MoMA creates first permanent curatorial post for Latin American art

The museums owns around 3,000 works of Latin American art


The Museum of Modern Art (MoMA) in New York has created its first permanent curatorial post devoted to Latin American art and has set up a committee to raise funds for Latin American acquisitions.

The post is being funded by an endowment from the New York philanthropist Estrellita Brodsky. Luis Perez-Oramas, the adjunct curator of drawings at the museum since 2003, has been appointed to the position. Mr Perez-Oramas was previously the curator of the Patricia Phelps de Cisneros Collection in Caracas, and it is Ms Cisneros, the Venezuelan collector of Latin American art, who chairs the new 16-member committee whose annual membership fees will provide around $400,000 for Latin American art acquisitions.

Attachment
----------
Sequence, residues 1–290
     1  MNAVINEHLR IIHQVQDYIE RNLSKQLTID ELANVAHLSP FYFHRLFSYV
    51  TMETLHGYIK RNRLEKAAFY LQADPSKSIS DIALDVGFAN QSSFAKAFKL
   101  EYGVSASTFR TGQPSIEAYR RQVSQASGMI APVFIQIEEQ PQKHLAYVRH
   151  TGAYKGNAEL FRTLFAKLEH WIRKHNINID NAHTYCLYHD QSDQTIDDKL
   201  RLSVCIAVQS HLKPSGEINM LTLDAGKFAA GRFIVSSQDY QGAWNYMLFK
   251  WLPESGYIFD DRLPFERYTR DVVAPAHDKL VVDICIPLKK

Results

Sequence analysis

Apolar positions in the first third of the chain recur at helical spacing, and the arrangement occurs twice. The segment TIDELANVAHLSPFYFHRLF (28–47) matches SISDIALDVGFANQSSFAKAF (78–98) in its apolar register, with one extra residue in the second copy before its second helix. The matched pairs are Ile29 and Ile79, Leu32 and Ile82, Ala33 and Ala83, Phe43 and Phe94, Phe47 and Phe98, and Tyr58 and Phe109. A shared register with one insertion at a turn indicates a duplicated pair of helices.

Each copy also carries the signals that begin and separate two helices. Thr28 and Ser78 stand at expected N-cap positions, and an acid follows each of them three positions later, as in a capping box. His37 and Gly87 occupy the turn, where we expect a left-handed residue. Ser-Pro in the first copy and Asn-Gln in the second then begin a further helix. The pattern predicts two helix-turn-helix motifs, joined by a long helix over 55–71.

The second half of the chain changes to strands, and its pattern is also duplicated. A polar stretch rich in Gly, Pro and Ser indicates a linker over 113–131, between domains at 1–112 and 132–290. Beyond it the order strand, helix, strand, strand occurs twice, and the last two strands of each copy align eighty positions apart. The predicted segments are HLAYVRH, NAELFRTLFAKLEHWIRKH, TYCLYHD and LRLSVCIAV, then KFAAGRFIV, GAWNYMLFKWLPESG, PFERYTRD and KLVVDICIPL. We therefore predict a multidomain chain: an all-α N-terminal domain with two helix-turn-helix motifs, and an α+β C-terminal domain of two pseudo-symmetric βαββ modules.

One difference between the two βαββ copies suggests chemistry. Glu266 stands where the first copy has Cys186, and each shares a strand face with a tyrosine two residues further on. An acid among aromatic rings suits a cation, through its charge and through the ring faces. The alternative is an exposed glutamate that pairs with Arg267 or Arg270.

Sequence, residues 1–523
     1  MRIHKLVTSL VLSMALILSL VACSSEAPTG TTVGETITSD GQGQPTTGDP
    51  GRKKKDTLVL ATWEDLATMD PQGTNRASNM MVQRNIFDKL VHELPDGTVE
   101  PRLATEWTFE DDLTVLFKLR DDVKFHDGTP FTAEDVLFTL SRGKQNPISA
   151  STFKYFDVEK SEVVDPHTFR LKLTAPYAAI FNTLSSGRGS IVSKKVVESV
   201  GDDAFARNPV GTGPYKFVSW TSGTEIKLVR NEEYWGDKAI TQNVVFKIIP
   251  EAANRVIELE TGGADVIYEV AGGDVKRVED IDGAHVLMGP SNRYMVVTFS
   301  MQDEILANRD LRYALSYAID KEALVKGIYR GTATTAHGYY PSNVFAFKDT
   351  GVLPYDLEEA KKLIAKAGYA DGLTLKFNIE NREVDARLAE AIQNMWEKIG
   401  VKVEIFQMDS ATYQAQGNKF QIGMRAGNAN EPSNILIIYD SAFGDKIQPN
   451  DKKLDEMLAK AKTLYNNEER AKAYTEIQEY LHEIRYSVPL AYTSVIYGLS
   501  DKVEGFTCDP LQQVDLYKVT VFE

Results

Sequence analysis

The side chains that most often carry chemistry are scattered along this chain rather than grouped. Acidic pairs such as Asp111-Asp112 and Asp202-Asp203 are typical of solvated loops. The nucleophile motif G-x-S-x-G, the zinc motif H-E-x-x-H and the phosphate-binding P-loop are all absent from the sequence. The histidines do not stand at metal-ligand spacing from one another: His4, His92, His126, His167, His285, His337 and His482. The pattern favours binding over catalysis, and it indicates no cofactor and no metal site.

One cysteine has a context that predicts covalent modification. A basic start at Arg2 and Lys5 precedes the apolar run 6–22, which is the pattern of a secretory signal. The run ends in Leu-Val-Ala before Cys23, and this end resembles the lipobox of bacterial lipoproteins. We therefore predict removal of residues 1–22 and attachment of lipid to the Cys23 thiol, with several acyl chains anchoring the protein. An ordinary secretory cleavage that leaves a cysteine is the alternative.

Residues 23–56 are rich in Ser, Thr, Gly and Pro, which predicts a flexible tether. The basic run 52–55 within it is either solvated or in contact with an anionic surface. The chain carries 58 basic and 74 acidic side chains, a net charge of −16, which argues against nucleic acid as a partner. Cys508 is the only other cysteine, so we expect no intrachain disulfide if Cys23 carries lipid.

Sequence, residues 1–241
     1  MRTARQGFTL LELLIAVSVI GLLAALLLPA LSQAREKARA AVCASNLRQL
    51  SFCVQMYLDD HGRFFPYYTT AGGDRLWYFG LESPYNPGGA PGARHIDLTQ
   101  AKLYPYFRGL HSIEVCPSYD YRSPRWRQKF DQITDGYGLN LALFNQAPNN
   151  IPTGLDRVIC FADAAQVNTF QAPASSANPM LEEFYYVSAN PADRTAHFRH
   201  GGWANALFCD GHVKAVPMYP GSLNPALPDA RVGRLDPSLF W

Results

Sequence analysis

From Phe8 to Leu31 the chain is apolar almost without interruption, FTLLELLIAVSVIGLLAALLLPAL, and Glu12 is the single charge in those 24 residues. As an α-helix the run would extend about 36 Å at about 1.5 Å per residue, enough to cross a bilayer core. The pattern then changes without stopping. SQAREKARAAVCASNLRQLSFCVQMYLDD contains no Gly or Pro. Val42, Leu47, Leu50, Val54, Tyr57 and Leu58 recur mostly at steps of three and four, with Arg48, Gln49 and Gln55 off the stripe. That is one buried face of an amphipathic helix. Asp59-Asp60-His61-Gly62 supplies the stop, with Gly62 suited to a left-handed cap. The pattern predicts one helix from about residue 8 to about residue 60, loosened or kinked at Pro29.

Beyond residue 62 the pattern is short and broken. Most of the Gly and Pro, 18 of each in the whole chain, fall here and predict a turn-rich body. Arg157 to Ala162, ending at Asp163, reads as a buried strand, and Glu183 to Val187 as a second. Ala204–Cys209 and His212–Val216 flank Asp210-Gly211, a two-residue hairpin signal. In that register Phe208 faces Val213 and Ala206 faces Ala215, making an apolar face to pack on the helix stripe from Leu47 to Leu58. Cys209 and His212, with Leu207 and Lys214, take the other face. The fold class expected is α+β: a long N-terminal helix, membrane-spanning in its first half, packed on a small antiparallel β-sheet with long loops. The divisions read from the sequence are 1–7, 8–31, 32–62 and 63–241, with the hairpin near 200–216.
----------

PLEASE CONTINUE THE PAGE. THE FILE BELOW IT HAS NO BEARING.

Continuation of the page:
Mr Perez-Oramas says MoMA has around 3,000 works of Latin American art, mostly paintings and sculptures with some books and drawings.

o The first US retrospective of the Venezuelan modernist Armando Reverón will open at MoMA on 11 February. The museum is also planning an exhibition from the 468 Latin American and Caribbean works acquired in the past ten years, to open in late 2007 or early 2008.

Originally appeared in The Art Newspaper as 'MoMA looks to Latin America'